HOA Foreclosures Reduce Nevada Home Values by $1 Billion
According to a new report from the Nevada Association of Realtor, foreclosures by local homeowner associations have reduced property values in the state's two most populated counties by more than $1 billion.
This was just one of the findings in a report released this week by NVAR about issues surrounding foreclosures by homeowner associations and so-called super priority lien laws that allow HOAs to foreclose on homes in a way that places a higher priority on repaying late HOA fees than repaying the mortgage when these homes are sold following a foreclosure.
As part of its report, NVAR worked with the Lied Institute for Real Estate Studies at UNLV and with a research firm called SGS that surveyed more than 500 registered voters throughout Nevada to measure their views on HOAs, super priority liens and related issues. The report concluded that "HOA foreclosures in Nevada cause an enormous impact on home values."
According to the report, HOA foreclosures in Washoe County sold for "a remarkable 90 percent discount" compared to comparable home sales in the area, accounting for a loss of nearly $254 million in property sales value. In Clark County, the hundreds of homes sold through an HOA foreclosure in recent years sold for an average discount of 42 percent, leading to a loss of about $840 million in property sales value.
"So, in our two most populated counties, these HOA foreclosures had a negative impact of more than $1 billion on local property values," NVAR President Greg Martin said. "That's a real eye-opener."
Martin further commented, "NVAR spent months preparing a comprehensive and revealing report on a fairly complex issue" that has had a significant impact on local homeowners and communities, as well as on Nevada's economy.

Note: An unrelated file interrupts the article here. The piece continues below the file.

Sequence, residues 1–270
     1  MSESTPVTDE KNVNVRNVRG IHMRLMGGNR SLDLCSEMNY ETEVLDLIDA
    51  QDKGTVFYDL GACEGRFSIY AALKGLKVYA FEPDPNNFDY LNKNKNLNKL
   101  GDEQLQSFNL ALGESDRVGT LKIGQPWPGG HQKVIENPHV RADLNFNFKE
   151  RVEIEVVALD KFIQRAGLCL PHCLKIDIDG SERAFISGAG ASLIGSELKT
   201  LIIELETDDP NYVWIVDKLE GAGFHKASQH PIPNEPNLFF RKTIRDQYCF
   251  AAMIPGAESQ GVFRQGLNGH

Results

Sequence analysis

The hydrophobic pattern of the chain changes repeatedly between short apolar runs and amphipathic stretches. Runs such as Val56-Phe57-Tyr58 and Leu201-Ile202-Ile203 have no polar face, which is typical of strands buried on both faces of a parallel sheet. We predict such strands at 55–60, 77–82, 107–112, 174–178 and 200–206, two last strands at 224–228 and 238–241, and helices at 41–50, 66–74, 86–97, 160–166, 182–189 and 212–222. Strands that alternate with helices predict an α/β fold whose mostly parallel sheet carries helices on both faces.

The report explains that a super priority lien is a category of lien that, under Nevada law, is given a higher priority than all other types of liens. When it comes to HOA assessment liens, a super priority lien refers to that portion of a homeowner association lien that is given higher priority than even the holder of the first mortgage, placing the interest of the HOA in front of the first mortgage. When an HOA forecloses via a super priority lien, it may, in some cases, eliminate the first mortgage on the home.
For example, in Nevada, the state Supreme Court has ruled that an HOA super priority lien can extinguish a first deed of trust in a foreclosure. An example of this would be a scenario involving a homeowner who defaults on HOA dues, and instead of the lender initiating foreclosure proceedings, the HOA does so, and typically sells the property at auction as a bank would. Because the HOA has super priority status, the winning bidder for the home pays the HOA its back dues. Then, under Nevada law, all the remaining debts are extinguished. The lender who financed the mortgage on the home gets nothing, the report explains. Losses endured by the lender usually far exceed those of the HOA.
NVAR's report found that 77 percent of all Nevadans surveyed oppose HOAs having the power to foreclose on homes over unpaid association dues. In addition, 82 percent of all respondents think that the mortgage lender should be paid first, not the HOA.
According to the survey, 44 percent of all Nevadans had an unfavorable view of HOAs, compared to 29 percent who had a favorable opinion.
The report examined 611 HOA foreclosures recorded in Clark County between Jan. 1, 2013 and June 30, 2016, plus another 71 HOA foreclosures recorded in Washoe County during this same time. It found that HOA foreclosures spiked following a landmark 2014 lawsuit between U.S. Bank and SFR Investments before starting to decline in December of 2014. Since then, the report said HOA foreclosures in Nevada "have settled at around 10 per month."
Unlike past NVAR reports on issues important to the state and its homeowners - such as NVAR's award-winning "Face of Foreclosure" series released to coincide with past sessions of the Nevada Legislature - Martin said this NVAR report is not recommending specific changes to state law. Instead, he said NVAR leaders hope this year's report educates and informs state lawmakers, government leaders and others about this complex issue.